Serum and hair testosterone concentrations do not differ in stallions between social ranks.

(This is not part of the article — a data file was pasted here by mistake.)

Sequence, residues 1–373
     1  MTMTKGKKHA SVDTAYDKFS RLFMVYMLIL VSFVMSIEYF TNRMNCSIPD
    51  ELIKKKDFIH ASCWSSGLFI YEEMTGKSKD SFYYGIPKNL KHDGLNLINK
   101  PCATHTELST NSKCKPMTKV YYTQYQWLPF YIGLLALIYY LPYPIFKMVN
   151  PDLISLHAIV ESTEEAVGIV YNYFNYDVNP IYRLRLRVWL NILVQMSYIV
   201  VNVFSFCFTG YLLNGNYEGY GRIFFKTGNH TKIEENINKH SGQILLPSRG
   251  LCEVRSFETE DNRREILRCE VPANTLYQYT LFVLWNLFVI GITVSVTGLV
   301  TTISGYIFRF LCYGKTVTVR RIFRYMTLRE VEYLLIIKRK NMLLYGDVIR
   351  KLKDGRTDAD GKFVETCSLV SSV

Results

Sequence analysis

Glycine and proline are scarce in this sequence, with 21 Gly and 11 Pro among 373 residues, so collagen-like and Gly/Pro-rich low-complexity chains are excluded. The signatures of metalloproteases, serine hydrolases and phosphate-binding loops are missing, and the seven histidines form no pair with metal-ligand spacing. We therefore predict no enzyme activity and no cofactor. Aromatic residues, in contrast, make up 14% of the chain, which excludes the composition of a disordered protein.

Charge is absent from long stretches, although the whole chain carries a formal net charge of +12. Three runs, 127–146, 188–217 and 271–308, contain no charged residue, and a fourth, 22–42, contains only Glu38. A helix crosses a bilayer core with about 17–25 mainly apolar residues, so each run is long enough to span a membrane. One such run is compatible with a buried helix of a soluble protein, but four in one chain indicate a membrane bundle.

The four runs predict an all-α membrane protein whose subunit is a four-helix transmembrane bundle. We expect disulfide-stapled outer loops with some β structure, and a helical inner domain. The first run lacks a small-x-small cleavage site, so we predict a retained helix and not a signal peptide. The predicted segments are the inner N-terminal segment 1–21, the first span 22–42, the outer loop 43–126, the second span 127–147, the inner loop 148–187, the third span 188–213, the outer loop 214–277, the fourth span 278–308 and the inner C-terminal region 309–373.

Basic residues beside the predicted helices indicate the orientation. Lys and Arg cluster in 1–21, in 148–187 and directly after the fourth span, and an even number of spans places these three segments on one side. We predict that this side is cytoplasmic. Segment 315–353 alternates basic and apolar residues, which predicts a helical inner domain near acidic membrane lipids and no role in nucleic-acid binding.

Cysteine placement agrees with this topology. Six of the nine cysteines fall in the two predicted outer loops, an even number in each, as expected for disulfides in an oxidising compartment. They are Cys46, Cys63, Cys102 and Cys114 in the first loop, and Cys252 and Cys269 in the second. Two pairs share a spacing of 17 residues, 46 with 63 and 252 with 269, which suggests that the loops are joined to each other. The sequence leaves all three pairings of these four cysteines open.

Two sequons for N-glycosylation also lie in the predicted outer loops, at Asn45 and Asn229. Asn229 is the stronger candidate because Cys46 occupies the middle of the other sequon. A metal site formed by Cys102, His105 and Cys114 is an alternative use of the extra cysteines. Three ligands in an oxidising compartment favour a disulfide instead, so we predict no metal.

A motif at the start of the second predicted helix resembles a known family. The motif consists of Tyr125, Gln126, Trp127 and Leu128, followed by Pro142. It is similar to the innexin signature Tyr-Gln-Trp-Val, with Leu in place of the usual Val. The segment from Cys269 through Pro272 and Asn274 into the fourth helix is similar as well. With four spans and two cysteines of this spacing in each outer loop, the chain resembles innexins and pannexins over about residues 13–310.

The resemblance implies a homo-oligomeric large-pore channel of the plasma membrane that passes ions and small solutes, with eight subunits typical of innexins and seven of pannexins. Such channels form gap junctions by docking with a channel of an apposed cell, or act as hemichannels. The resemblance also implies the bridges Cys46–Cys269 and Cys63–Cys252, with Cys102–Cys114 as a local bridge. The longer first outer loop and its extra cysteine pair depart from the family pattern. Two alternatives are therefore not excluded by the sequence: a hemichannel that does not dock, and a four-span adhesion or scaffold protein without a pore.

In many species, male social rank has been found to correlate with testosterone concentration ([T2]), with more dominant males having higher circulating [T2]. However, the influence of [T2] on social ranking has not been evaluated yet in feral horse herds. The purpose of this study was to compare [T2] and cortisol concentration ([CORT]) in serum and hair in stallions from a variety of different social ranks. We hypothesized that dominant stallions would have higher [T2] and submissive stallions would have higher [CORT]. We also hypothesized that there would be a correlation between serum and hair [T2] and [CORT]. Stallions used in this study were part of the feral horse herd managed on the Confederated Tribes of Warm Springs Reservation (n=15). After gathering stallions for the purpose of castration, behavioral evaluations were conducted on each horse in a small and large pen to determine how they interact with other stallions. A 5-point behavior score was created with 1=highly submissive and 5=highly dominant. Samples were collected when each stallion was anesthetized. A jugular venous blood sample was collected, allowed to clot, and serum was stored at -20°C. A mane hair sample was pulled out by the root. [T2] and [CORT] were extracted from the hair as previously described. Briefly, 100±20 mg of hair was weighed, minced into 3-4 mm pieces, sonicated in methanol (2 mL) at 20°C for 30 minutes, and incubated overnight at 50°C in a water bath with gentle shaking. The methanol was pipetted off into a new glass vial and evaporated to dryness under nitrogen. The samples were then reconstituted with 125 µL of assay buffer (#80-0170, Assay Designs, Inc., Ann Arbor, MI). Chemiluminescence (Immulite 1000, Siemens Healthcare Diagnostics, Tarrytown, NY) was used to measure [T2] and [CORT] from serum and extracted hair samples. The behavior score collected from both pens was averaged and then categorized as either submissive (<2.5), neutral (2.5-3.5), dominant (>3.5). The behavior score category was compared using an ANOVA for serum and hair [T2] and [CORT]. In addition, a Pearson correlation analyses was performed to determine if there was an association between serum and hair [T2] or [CORT]. Significance was defined as p<0.05. There were no significant differences between hair (ng/100 mg) and serum (ng/mL) [T2] or [CORT] in submissive, neutral, or dominant stallions (mean±standard deviation reported in the table below). There was also no correlation between serum and hair [T2] or [CORT] (R2=0.0257, and 0.0025, respectively). While it was unexpected that [T2] and [CORT] did not differ between social ranks, this may reflect co-dependencies that exist within bachelor bands and warrant further research.